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Stopping a Shortstop's Season Short

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Rafael Furcal's injury isn't improving.

Rafael Furcal in better times, prior to dark magic sabotage.
Rafael Furcal in better times, prior to dark magic sabotage.

Our intrepid, young reporter enters the clubhouse at Roger Dean Stadium in Jupiter, Florida. It's late. Dusk has taken hold of the city and the complex. The article on the day's spring training game has been filed with his editor. The problem is that he has misplaced his notebook with a source quote in it. He's looked everywhere. Well, everywhere except for the clubhouse. He must have set it down at some point, he thinks to himself.

It's more bad news for Rafael Furcal. The elbow that hurt last season, hurts this season. And it isn't getting any better.

Chiding himself on his forgetfulness, he steps into the locker room. It's poorly lit and a florescent bulb flickers in the final moments of its life at the far end of the room. The room has mostly been straightened up at this point. Towels have been taken away for laundry. Cleats sit in neat rows at the bottom of lockers. Benches are cleared. It's taboo for the young reporter to be in the locker room without the players but that notebook. He needs that notebook.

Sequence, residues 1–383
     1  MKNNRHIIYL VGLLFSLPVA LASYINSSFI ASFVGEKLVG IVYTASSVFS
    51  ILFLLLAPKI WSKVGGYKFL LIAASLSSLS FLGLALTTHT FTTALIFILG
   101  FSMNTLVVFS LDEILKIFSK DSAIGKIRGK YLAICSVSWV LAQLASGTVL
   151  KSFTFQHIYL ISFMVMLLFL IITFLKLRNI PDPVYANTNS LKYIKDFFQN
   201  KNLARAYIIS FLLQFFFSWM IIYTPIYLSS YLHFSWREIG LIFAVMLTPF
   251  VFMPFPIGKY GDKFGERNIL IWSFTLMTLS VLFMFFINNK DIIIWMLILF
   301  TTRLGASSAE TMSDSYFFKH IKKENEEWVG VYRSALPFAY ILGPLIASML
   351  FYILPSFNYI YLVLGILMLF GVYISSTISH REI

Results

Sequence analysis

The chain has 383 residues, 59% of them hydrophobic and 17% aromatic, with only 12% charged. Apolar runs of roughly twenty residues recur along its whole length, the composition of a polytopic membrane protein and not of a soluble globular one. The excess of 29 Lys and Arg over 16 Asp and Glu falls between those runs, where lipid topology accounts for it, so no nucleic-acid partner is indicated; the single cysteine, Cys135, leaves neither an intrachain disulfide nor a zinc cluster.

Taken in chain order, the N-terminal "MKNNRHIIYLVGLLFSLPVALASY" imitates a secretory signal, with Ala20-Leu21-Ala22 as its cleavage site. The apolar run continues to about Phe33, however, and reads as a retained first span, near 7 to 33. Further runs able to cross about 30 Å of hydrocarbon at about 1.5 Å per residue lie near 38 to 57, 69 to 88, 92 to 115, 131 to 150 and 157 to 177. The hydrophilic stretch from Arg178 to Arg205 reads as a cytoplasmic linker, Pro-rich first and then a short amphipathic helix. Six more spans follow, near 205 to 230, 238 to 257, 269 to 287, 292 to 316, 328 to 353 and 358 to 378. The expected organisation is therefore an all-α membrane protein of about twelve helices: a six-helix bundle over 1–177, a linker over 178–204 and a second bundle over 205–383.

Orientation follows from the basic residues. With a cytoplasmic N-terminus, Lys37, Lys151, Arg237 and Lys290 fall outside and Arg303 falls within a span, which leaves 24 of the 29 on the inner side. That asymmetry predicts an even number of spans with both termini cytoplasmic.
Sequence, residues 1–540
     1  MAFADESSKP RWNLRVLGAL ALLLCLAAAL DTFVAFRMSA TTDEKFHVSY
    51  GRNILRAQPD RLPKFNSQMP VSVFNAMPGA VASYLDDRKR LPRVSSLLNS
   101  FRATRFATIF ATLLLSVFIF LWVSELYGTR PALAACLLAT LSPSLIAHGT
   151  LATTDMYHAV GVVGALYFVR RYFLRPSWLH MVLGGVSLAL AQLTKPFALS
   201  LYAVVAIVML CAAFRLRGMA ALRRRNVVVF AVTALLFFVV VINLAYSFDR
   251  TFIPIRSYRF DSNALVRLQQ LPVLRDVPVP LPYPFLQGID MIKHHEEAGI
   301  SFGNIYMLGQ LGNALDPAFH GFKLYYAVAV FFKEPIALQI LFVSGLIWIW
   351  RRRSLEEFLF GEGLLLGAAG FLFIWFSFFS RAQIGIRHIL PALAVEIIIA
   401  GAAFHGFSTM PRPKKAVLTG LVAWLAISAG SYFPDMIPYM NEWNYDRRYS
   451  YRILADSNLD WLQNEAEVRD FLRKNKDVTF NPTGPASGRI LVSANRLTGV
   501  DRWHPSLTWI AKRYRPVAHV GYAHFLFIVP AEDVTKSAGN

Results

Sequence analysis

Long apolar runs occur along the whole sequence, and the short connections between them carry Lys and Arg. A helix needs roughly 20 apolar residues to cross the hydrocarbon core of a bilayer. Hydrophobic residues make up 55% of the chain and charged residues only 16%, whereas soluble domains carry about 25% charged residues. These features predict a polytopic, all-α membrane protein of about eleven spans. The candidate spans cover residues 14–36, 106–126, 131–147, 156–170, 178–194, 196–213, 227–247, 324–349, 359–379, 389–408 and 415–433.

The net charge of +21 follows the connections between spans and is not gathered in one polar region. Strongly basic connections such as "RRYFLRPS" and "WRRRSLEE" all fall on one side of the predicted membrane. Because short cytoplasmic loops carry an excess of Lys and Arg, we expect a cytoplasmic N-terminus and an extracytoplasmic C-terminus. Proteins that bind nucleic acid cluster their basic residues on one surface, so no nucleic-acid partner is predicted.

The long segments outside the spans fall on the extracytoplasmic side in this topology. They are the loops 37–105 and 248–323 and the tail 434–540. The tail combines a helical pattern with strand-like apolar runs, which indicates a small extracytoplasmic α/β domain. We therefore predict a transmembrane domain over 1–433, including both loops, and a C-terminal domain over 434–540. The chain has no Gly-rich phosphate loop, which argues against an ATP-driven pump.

Fans are going to second guess Furcal's decision to rehab a bum elbow. The more important question is whether that second guessing spreads to the front office. Without being privy to the intimate details of Furcal's medical records, it is all idle speculation but Furcal's health was always questionable -- even prior to the elbow. The solution to that problem has been a trio of statistical doppelgangers in Ryan Jackson, Pete Kozma and Ronny Cedeno. More times than I care to admit I've written about the difference between these players and Furcal. It still leaves one to wonder if Mozeliak could have done more.

Looking quickly about the locker room, the reporter doesn't see anything obviously out of place. No notebook is in sight. He walks to the wall to turn on more lights. Flipping the switch, the room illuminates briefly before a loud pop signals the end of the flickering bulb. The room is plunged into almost complete darkness. Muttering curses to himself, the reporter pulls his cell phone out and launches a flashlight app. It's bright but the phone's flash doesn't provide a very wide swath of light. Stepping further into the room, the reporter scans the lockers one by one, wondering if maybe, accidentally, one of the players had picked up his notebook.